The Wall Street Journal reported that “Unrest in Iran has opened a theological rift within the Shiite sect of Islam, undermining the Iranian regime’s founding dogma that is shared by millions of fellow Shiites across the Middle East. The concept, known as wilayat al-faqihliterally ‘guardianship by a jurist’ — holds that, in an Islamic state, a divinely anointed scholar of Islamic law must exercise unquestioned authority over elected officials and the rest of the government…But, in recent weeks, this moral authority — and the wilayat al-faqih ideology that underpins it — has been shaken by Ayatollah Khamenei’s handling of Iran’s disputed June 12 presidential elections…This jolt from the turmoil in Iran is reverberating in Shiite communities throughout the Middle East, from the Levant to Iraq to Saudi Arabia and others. ‘For the Shiites in the Gulf, this situation is quite perplexing,’ says Sami al Faraj, head of the Kuwait Center for Strategic Studies. ‘The model of wilayat al-faqih has been fractured — and that’s happened because of events in Iran itself.'” (http://online.wsj.com/article/SB124597231749357065.html)

AFP reported that “Foreign Secretary David Miliband said Thursday there is a ‘crisis of credibility’ between Iran’s government and its people, lamenting the ‘profound clampdown’ on protests over disputed elections. Miliband added that London — which ordered two Iranian diplomats out this week in tit-for-tat expulsions with Tehran — will press Iranian authorities over an Anglo-Greek journalist detained in the Islamic republic. ‘There certainly has been a profound clampdown in Iran… you’ve seen that with the clampdown on journalists as well as the attacks on foreigners,’ he told the BBC. ‘But I think the truth is that there is a crisis of credibility between the Iranian government and their own people.'” (http://www.google.com/hostednews/afp/article/ALeqM5iyFRdmqXvc6rvcIpaWcVHc8b9K9A?index=0)

AFP reported that “Group of Eight foreign ministers meeting in Italy were expected to condemn post-election violence in Iran while keeping the door open to dialogue with the Islamic republic. As the ministers opened the three days of talks Thursday, Russian Foreign Minister Sergei Lavrov warned against isolating Iran, saying it was the ‘wrong approach.'” (http://news.yahoo.com/s/afp/20090626/wl_asia_afp/g8diplomacyitalyiranafghanistan)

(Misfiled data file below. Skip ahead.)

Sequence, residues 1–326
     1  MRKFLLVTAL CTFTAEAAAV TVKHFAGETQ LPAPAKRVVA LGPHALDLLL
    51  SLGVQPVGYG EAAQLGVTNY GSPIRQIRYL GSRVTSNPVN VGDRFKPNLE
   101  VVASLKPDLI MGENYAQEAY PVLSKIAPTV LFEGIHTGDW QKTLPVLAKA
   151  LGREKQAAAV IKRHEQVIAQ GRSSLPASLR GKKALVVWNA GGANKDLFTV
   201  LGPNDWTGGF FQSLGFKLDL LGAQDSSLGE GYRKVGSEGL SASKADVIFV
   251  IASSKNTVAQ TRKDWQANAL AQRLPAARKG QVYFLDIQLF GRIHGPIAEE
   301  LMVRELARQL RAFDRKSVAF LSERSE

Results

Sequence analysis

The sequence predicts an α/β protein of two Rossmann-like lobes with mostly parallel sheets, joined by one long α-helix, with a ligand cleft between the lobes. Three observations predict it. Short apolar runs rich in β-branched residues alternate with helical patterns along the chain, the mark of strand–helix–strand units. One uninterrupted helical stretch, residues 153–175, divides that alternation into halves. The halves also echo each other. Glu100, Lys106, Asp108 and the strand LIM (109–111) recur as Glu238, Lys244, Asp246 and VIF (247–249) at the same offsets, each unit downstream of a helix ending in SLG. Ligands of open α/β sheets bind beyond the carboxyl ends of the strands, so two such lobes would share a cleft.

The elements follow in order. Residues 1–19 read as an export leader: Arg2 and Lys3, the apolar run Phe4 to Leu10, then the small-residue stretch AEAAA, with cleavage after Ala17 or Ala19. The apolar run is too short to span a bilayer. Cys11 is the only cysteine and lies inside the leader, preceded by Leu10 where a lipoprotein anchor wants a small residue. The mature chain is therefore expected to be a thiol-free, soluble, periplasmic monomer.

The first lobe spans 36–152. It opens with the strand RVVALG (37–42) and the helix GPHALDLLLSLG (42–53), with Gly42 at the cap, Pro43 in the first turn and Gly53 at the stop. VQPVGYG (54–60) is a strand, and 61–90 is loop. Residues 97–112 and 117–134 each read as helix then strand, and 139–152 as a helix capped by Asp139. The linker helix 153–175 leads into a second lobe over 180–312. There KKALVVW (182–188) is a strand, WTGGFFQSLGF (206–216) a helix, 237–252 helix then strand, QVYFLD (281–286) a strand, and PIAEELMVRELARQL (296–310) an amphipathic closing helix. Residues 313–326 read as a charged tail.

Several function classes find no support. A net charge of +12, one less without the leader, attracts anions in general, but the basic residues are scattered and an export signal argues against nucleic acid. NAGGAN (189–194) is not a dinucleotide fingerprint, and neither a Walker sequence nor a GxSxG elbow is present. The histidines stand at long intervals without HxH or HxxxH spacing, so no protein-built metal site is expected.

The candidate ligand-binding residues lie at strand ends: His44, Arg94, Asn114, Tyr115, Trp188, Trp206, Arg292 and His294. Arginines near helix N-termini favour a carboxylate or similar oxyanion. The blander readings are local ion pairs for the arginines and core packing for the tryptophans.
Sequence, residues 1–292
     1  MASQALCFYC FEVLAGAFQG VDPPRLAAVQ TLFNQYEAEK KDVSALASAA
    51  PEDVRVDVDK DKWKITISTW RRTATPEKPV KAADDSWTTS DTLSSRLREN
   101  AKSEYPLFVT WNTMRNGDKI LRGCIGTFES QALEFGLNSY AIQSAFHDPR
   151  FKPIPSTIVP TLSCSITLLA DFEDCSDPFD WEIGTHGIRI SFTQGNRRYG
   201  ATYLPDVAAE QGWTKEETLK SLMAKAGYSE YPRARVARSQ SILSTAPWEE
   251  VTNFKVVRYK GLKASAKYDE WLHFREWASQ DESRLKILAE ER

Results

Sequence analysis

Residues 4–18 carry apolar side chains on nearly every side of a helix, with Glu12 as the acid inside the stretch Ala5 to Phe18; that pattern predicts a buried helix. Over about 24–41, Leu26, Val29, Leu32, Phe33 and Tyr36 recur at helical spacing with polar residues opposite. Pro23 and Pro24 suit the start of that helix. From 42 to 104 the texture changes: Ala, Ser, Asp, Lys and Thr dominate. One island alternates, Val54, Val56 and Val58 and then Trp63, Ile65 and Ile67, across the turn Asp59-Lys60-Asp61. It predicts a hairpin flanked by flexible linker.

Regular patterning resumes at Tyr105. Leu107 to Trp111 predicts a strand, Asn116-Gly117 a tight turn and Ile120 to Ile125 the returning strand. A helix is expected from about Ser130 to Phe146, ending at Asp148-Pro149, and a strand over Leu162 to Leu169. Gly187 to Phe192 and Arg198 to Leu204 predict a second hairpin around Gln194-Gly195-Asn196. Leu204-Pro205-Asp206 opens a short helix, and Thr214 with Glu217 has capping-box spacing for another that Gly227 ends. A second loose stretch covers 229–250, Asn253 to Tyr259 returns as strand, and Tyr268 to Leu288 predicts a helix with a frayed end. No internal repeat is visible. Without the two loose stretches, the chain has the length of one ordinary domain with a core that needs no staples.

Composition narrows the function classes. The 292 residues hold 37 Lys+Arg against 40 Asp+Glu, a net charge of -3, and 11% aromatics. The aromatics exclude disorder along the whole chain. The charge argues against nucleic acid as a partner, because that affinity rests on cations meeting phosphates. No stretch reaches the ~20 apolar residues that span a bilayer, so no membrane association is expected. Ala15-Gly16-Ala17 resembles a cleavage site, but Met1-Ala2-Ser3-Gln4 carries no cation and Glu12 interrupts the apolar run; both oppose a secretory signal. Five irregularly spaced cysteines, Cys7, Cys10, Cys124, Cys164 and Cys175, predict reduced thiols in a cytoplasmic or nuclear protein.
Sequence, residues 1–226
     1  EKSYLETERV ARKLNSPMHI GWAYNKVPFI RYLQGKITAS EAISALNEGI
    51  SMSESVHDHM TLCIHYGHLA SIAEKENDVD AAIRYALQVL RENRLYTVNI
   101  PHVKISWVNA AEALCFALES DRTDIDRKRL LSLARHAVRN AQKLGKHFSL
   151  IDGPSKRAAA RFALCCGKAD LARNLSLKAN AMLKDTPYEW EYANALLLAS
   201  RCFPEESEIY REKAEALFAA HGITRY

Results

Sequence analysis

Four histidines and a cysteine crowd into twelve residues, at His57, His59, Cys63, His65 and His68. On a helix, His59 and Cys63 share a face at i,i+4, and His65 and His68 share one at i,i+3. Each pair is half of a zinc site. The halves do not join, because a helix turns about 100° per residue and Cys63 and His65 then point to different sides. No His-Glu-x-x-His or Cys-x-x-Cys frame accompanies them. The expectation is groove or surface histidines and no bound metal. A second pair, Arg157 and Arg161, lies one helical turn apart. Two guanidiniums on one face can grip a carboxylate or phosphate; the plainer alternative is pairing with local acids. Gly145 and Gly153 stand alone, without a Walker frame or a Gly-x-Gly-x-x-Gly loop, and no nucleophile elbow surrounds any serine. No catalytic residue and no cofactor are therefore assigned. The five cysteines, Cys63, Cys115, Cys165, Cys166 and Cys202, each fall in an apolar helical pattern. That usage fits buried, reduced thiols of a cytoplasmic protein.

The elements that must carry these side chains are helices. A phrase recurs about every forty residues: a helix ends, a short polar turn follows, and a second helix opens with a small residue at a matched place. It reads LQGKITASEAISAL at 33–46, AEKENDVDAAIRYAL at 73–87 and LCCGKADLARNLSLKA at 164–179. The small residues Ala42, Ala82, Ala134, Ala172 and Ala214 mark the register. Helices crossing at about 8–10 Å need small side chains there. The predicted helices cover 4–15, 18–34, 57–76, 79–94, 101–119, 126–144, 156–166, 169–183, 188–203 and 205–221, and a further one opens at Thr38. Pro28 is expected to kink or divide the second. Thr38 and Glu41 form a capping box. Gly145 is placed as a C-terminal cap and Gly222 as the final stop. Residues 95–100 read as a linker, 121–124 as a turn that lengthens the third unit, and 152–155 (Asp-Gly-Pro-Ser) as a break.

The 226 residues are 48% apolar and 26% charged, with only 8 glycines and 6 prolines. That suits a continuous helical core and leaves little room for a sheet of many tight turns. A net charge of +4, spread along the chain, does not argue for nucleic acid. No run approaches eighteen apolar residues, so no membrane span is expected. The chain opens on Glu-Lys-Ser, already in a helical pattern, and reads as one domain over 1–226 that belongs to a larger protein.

AP reported that “American-Iranian journalist Roxana Saberi called Wednesday for the release of a former cellmate – a U.S. aid agency worker held in an Iranian prison – and expressed worry about those detained during opposition protests in Tehran. Saberi, jailed in Iran on spying charges and released last month, told The Associated Press she hopes to help other prisoners she says have been wrongly accused.” (http://www.google.com/hostednews/ap/article/ALeqM5i0P1FHhvbrxk2e9MqSxMlouf_9EQD99188BO0)

AP reported that “An Iranian doctor who claims he tried to save Neda Agha Soltan as the young Iranian protester bled to death on the streets of Tehran said Thursday that she apparently was shot by a member of Iran’s pro-government Basij militia…The protesters first thought the gunshot had come from a nearby rooftop, but later spotted an armed member of Iran’s Basij militia on a motorcycle, and stopped and disarmed him, the doctor said…’They are going to denounce what I am saying. They are going to put so many things on me. I have never been in politics. I am jeopardizing my situation because of the innocent look in her (Neda’s) eyes,’ he said. But, the doctor told the BBC, ‘It was a tough decision to make to come out and talk about it, but she died for a cause. She was fighting for basic rights … I don’t want her blood to have been shed in vain.'” (http://www.google.com/hostednews/ap/article/ALeqM5i5o8ARu_hcsGcsJCXyc0IWyaIMkQD991TDN00)